Musicians often have attitude problems and Paul Emery and the Dickens are no exception; they are just too darned nice. Or so I thought, until Emery clarified things:
"I would say we've got good manners, but we're not that nice"
Okay, so Paul Emery and the Dickens are well-mannered. This still poses a bit of a problem for musicians with dreams of stardom running through their heads. After all, a certain amount of self-absorption is necessary to land that big deal; if you don't think you're worth a million bucks, then no record label will. And try as he may, the best headline Emery could ever write for himself still falls shy of actual bragging;
"Local rich boy, baby, is a fuckin' wannabe."
Well, not everyone can talk about themselves all the time, but Emery has no problems talking about his new band, the Dickens.
"I love this band, it's my favourite band to play in. It seems to be the most solid band I've played in, we have a lot of fun, we have an excellent rehearsal space and we get long great."
Judging by the large crowd of people at The Horseshoe Tavern recently (even Sum 41's Steve-O made an appearance), Toronto music lovers are talking about him as well. This particular gig happened to be a CD release party honouring their debut Lives of the Future Blessed, an occasion Emery has been waiting to celebrate.
"We started doing this (the album) last year and now we're finished and we're pretty happy with it."
'Jangle-pop' is a popular descriptor of the songs on Lives of the Future Blessed, but a comparison to The Tragically Hip seems in order as well. Warm and well-crafted, it's the kind of music that makes you long for you Adirondack chair on a dock in the Muskokas. Forget alt-country music, this is cottage-country music.
"It's really just about really good songs" says guitarist Duncan Blair. "Sound gets dated, but good songs last a really long time."
If you missed is, then you missed one of those shows that you love because every song is so damned good (but hate because there isn't a bad one you can afford to miss while you go get another drink at the bar). In essence, bar rock at its best.
"And now we're breaking up" says drummer John Macdonald.
"Yes, after tonight, we're breaking up" adds Emery. So if you've never seen Paul Emery and the Dickens before, you're all out of luck. Sorry.
This is of course a joke, and the Dickens aren't going anywhere. At least not until Valentine's Day when the band heads out to Wallaceburg, ON, where they'll be playing a benefit for the Legion. One of the few out-of-town gigs Emery and company will be making. Treks outside the city have been interesting for the Dickens, to say the least. Emery recalls an especially odd one in Oshawa;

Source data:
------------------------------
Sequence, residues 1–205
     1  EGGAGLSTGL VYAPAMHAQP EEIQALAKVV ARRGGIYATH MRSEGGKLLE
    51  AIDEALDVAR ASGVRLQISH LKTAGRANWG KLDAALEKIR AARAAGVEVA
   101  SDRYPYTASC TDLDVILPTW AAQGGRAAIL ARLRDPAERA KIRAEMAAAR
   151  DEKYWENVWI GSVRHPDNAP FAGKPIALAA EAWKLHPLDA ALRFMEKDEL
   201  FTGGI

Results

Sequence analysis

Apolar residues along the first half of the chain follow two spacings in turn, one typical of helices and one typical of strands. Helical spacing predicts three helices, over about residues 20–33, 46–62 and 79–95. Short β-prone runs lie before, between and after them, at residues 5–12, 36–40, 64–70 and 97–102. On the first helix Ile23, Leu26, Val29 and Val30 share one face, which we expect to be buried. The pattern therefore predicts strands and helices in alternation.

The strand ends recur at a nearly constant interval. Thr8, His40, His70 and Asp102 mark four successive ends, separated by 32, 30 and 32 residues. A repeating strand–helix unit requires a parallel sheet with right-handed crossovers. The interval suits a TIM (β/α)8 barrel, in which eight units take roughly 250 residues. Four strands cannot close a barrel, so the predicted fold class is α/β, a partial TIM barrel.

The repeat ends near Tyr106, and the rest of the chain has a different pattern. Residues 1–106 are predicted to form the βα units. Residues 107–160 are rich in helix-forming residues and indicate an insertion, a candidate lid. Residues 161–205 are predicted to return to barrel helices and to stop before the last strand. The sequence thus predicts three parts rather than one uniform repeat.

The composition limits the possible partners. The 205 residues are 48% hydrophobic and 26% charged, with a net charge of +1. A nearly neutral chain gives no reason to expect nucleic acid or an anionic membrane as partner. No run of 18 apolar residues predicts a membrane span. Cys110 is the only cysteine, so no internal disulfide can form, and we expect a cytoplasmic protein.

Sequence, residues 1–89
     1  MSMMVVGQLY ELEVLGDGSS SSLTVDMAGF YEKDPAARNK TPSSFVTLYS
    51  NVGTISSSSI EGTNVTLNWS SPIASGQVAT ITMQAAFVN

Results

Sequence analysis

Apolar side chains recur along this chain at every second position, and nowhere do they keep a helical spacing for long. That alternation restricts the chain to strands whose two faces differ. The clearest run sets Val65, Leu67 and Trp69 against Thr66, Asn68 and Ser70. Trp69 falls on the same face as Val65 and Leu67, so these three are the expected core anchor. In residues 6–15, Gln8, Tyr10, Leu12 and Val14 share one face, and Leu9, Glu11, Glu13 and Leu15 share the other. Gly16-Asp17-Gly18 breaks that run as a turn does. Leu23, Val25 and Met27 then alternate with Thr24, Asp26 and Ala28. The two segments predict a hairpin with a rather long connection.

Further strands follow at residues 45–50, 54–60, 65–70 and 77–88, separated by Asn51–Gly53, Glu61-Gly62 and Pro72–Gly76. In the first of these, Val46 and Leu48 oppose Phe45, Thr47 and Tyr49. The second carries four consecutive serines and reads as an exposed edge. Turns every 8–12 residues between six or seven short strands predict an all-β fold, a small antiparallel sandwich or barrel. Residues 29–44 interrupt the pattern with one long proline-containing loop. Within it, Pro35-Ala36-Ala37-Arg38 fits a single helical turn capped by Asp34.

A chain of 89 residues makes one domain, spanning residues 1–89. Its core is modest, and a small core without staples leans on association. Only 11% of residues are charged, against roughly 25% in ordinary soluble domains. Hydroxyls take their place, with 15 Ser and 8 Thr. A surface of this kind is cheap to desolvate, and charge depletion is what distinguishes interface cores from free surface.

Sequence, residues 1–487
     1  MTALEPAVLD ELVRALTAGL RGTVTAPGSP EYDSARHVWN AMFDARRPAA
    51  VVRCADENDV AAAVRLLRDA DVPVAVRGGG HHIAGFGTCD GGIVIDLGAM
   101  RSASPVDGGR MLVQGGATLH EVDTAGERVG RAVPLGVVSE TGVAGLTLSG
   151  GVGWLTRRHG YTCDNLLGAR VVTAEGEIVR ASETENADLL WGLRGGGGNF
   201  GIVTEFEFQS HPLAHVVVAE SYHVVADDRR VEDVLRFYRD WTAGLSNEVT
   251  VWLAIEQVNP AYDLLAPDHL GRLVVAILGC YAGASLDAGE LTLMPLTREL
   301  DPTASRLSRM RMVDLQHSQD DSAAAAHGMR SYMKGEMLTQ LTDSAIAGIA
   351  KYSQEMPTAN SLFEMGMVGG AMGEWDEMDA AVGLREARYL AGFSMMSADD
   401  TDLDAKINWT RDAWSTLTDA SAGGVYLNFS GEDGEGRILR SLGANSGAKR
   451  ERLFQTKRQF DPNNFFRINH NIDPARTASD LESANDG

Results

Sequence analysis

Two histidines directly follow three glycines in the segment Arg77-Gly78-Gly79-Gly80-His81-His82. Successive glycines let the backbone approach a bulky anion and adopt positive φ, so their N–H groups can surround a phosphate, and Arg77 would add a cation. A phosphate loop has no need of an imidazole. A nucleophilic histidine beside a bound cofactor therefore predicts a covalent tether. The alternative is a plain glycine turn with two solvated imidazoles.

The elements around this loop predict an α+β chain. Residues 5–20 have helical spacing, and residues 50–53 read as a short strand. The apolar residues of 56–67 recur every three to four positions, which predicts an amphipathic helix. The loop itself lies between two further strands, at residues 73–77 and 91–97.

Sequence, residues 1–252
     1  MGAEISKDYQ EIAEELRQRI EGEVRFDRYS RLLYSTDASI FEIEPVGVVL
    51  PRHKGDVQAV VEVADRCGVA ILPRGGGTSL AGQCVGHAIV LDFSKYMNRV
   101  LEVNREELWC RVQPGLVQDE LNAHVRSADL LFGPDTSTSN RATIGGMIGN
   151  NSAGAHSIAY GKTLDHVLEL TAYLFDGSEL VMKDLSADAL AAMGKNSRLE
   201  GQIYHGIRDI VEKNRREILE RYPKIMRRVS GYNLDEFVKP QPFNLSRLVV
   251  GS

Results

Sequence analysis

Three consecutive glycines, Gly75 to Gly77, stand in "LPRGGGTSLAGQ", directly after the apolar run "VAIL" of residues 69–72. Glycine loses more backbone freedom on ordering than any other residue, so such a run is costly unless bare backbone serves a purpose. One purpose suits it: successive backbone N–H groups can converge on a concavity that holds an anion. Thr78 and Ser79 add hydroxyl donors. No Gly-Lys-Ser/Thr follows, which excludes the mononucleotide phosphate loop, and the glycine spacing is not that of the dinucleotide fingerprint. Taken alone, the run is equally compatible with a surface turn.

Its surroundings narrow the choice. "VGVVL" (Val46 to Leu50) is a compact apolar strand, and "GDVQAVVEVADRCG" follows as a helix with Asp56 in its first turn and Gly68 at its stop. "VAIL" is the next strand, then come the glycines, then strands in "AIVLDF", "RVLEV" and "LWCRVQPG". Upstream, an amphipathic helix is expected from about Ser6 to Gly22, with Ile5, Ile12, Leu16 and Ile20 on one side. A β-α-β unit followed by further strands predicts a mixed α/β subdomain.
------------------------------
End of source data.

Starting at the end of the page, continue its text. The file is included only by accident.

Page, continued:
"It was quite an experience. It was in the basement, there was no heat, there was garbage everywhere..."
"And on the second floor there was a laser tag" adds bassist Simon Lewis…it was a real 'entertainment complex.'"
"So we're in for more of that" says Emery "I hope not…they played really heavy metal there."
You'll actually have a much better chance finding them playing downtown Toronto somewhere, or perhaps sharing a few pints at The Communists' Daughter, ownership of which belongs to Emery.
"It makes him rich." Jokes Blair.
Emery laughs. "I'm wealthy, and I'm supporting this, and paid off all those reporters and uh…we're going on tour in a big bus, because I'm a big baby. Tell them I'm rich and I'm a big baby."
Bands like that do exist, no doubt about it, but mock-attitude is about as close as Paul Emery and the Dickens will get to that kind of rock star ego. They're just too happy making music.
"I just like getting people to hear the music, just getting it out there" says drummer John Macdonald. "I mailed out 20 CDs today, just to various friends around the world. I just want to get people to hear it."
"If you're not doing it (playing music) because you love it, then you shouldn't be doing it" says Emery.
So despite their protests, Paul Emery and the Dickens really are nice, really do care about music and would really rather not have that kind of reputation.
"We want to be portrayed as having a real attitude…you know, scene veterans."
Writer: Erica Basnicki